###
Announcement

## Multivariate Statistical Analysis. A High-Dimensional
Approach

###
by V.Serdobolskii

#### published by "Kluwer Science Publishers" in October of 2000

ISBN 0-7923-6643-3

#### Mailing address:

Kluwer Academic Publishers, Sales Departement

PO BOX 17, 3300 AA, Dordrecht, The Netherlands

#### Site to order:

#### www.wkap.nl/boordfrm?0-7923-6643-3+1

In contrast to other books on multivariate analysis
retelling
classical theory of the multivariate statistical analysis based on the
idea of a consistency, the author develops an essentially new
theoretical-decision approach to the multivariate analysis that
leads to always stable
approximately unimprovable distribution free methods.

This book may be of
interest for specialists in mathematical statistics in universities
and institutes with mathematical departments, departments of statistics,
research institutes and
computer centers creating and improving packages of applied statistical
programs. The book can serve as a text-book for students and
post-graduates studying mathematics and statistics.

The book "Multivariate Statistical Analysis. A High-Dimensional Approach"
presents a new branch of mathematical
statistics solving problems of construction of approximately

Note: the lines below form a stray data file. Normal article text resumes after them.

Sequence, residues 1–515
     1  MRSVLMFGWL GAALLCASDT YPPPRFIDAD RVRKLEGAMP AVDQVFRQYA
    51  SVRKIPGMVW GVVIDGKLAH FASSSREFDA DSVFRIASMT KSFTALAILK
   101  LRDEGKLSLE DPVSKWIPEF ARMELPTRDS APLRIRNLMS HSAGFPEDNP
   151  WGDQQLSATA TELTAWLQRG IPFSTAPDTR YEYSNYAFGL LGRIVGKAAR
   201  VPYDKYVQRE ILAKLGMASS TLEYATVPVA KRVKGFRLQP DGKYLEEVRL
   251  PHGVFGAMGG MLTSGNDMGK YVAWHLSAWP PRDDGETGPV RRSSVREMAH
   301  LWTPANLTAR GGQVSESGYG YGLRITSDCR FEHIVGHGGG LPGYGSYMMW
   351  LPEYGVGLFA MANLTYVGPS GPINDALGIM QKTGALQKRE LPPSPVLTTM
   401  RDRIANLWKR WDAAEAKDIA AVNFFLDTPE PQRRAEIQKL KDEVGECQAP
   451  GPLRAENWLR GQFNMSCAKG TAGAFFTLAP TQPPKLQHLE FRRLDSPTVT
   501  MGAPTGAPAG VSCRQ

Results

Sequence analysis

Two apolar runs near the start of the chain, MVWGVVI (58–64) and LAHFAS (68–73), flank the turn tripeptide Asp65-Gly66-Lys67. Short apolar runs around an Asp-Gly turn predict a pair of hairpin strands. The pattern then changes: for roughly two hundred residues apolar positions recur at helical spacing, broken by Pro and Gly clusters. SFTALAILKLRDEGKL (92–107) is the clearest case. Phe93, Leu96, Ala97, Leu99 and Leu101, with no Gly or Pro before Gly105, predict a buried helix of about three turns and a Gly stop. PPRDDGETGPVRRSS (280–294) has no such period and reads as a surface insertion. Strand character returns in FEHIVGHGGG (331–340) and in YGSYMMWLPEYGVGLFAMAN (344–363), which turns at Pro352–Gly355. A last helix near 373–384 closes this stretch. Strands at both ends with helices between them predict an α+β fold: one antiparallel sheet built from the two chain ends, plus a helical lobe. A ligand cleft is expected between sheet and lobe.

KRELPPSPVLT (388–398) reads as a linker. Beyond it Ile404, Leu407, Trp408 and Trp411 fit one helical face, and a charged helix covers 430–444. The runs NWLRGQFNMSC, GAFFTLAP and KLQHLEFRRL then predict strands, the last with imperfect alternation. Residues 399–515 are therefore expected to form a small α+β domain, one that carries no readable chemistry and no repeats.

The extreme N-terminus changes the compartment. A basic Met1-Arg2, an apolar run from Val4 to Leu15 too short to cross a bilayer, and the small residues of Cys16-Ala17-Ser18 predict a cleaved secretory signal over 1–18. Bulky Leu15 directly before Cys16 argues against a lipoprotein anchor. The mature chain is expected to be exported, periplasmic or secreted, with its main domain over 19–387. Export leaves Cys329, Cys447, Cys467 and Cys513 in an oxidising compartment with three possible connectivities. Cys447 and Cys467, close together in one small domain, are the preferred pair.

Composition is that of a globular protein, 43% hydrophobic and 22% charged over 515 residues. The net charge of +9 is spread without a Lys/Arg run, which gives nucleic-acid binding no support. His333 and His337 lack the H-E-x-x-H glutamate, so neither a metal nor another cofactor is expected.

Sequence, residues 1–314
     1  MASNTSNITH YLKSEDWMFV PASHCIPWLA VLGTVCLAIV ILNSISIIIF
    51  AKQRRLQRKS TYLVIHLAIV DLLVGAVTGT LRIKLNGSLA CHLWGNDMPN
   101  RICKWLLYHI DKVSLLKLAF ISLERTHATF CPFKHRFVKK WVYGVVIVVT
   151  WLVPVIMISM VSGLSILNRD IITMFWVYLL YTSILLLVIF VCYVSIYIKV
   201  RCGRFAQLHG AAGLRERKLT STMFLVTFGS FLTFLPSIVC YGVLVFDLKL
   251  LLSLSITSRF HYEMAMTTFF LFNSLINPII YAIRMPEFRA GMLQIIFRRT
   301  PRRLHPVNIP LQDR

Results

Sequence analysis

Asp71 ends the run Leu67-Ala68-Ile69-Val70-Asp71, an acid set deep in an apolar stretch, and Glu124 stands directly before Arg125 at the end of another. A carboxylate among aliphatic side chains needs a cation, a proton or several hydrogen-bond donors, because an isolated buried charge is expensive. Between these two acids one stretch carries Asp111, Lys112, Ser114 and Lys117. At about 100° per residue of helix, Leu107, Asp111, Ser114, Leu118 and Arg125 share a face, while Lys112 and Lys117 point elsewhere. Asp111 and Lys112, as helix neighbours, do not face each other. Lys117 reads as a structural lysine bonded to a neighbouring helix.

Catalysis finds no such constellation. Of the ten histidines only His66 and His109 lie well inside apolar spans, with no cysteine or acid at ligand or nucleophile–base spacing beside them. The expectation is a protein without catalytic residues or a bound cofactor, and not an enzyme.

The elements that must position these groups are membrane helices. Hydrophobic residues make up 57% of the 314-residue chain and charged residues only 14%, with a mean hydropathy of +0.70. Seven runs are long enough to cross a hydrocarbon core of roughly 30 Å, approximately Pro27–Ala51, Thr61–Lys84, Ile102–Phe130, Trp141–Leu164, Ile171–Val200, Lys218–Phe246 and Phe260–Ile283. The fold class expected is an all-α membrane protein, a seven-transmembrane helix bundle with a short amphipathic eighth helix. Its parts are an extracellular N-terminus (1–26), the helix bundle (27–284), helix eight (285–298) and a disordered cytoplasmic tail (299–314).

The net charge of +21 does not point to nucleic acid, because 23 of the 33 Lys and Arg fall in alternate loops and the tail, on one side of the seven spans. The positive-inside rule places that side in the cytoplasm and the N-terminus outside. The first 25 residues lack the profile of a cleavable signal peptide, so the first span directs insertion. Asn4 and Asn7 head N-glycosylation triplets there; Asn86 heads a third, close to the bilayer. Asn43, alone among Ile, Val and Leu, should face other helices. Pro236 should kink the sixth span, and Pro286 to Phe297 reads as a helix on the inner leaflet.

unimprovable versions of the multivariate analysis methods such
as multiparametric estimation, discriminant and regression analysis.
In contrast to the traditional consistent Fisher method of statistics,
the essentially multivariate technique is developed based on the decision
function approach by A. Wald. For
large dimension of observations comparable in magnitude with sample size,
stable approximately unimprovable in some wide classes procedures
depending on an arbitrary function are offered. A remarkable fact
is established: for large-dimensional problems, under some weak
restrictions on the variable dependence, the standard quality functions
of regularized multivariate procedures prove to be independent of
distributions. This opens, for the first time in the history of statistics,
a possibility to construct approximately unimprovable
procedures free from distributions.